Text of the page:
The last couple of days, we squeezed in a trip to the White Desert just outside the Bahariya Oasis. Joined by two other foreigners who had traveled through parts of the Middle East, then Egypt, we concurred that the white rock formations, crystal mountain, and Black Desert were rather underwhelming but that the Bedouin night under the stars playing Telephone was epic. With 2 people whose native language is English, 2 Mandarin, and 2 Arabic, the messages relayed from one person to the next were jumbled from the start, translated one too many times, and only laughable by the end.
Certainly don't let our experience hold you back from checking it out. To be fair, we were jaded by the unfolding of events whereby we felt there was some collusion between our guides to maximize their payout by cutting corners (for instance, recruiting us to help pick up 2 random tourists who were not originally part of the tour or attempting to evade paying the cost of entry to the park). Our research showed that those who went through Loly at Egypt Western Desert Tours had an exceptional time.
If you make your way to this part of the world, you'll find that the chaos in the everyday is just a way of life. There's a constant hustle and bustle on the streets at every hour of the day and night, making you wonder where everyone is going and what they are doing. It's the sort of place that could do anything, yet seems to be doing nothing. Around every corner is someone trying to make a quick living, hassling the first foreigner he sets eyes on and no matter where you're from, you could almost always count on his having a brother or cousin working or studying there, as if the key to any bric-a-brac rapport is this small world we live in.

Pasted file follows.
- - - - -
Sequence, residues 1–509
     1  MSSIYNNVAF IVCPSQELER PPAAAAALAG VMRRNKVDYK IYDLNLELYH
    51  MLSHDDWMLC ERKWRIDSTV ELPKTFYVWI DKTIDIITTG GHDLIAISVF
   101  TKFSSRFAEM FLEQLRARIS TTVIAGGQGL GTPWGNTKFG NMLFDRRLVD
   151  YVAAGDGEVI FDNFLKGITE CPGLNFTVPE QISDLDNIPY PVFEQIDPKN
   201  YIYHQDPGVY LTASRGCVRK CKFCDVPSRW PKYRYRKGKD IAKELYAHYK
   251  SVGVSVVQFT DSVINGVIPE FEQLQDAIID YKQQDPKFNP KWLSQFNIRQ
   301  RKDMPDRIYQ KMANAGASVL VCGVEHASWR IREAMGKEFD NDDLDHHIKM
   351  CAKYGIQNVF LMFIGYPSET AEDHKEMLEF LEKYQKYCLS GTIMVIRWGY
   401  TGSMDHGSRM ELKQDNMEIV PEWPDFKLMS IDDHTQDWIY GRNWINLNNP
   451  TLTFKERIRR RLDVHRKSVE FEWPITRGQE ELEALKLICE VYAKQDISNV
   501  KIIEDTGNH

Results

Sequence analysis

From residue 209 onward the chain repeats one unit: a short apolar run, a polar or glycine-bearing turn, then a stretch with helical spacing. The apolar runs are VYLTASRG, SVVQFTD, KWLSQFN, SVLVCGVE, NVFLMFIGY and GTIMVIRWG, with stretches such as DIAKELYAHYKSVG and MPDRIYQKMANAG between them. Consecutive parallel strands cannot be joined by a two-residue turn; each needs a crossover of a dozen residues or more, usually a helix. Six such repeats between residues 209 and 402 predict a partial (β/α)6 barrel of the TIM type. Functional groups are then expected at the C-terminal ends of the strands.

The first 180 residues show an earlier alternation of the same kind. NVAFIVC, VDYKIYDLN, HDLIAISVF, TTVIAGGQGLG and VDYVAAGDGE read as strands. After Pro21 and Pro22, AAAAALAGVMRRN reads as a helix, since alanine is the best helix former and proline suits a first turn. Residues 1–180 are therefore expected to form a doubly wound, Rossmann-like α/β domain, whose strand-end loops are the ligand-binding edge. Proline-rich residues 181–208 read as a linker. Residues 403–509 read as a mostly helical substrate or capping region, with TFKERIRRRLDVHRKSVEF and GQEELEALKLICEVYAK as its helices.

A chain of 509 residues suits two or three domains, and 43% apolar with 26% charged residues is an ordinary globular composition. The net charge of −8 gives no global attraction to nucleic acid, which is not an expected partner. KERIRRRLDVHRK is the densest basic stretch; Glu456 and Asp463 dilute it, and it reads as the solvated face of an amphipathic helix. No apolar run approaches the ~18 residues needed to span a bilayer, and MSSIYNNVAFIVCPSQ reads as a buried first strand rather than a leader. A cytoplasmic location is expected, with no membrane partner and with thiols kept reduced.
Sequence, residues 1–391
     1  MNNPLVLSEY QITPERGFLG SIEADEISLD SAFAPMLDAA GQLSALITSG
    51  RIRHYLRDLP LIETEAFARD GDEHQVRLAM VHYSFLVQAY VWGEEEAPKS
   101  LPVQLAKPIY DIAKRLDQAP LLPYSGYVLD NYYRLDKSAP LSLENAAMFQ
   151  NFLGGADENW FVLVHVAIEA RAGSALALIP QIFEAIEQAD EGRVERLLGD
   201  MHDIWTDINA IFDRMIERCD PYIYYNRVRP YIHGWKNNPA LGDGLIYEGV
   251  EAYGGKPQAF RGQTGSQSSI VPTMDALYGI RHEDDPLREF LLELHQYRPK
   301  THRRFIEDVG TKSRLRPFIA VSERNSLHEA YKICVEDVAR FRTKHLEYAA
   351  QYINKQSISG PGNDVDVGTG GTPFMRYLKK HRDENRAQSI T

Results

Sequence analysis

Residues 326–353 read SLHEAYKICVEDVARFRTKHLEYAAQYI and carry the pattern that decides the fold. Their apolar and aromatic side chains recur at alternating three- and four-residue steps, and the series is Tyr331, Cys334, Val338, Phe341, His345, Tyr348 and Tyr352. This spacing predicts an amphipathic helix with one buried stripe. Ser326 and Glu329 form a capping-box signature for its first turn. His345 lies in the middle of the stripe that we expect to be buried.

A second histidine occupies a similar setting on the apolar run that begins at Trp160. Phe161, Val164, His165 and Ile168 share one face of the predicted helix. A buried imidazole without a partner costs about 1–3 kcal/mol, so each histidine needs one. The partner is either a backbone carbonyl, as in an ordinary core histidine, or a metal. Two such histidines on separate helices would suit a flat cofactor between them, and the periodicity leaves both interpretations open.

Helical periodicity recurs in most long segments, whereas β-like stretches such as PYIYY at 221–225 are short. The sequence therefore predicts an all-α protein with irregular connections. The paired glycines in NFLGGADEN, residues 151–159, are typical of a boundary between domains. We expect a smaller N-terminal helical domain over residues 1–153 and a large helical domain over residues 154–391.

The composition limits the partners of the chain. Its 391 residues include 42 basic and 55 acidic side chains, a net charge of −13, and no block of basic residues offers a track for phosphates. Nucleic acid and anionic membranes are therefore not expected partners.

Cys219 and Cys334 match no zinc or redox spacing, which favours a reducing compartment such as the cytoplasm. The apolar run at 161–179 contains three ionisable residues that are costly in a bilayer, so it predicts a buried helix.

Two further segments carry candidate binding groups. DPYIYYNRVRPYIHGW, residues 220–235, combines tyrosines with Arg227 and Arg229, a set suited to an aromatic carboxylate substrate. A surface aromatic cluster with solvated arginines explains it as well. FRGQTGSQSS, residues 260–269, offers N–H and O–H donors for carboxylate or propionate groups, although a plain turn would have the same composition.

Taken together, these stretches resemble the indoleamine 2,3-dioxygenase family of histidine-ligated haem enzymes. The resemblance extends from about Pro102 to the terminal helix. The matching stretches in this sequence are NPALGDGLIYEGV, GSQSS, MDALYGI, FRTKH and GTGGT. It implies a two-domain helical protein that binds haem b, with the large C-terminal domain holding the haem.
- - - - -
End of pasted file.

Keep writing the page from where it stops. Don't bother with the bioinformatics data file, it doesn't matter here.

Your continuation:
Though our trip through Egypt was hectic at best, it made for some of the most unforgettable memories. Some of our favorite and most unique curios come from here. If you have the patience to look past its flaws, you'll be sure to find riches in the form of nature, history, culture, and human encounters. The country has not gotten great press over the last 12 months, let alone the last 12 years. Terrorist attacks and political unrest have really done a number on the country's tourism industry and the latest threat in the Sinai Peninsula (which we didn't visit) certainly hasn't helped matters. But for the adventurous who defy fear, disallowing it to paralyze them from leaving their homes, Egypt is a gem still waiting to be explored.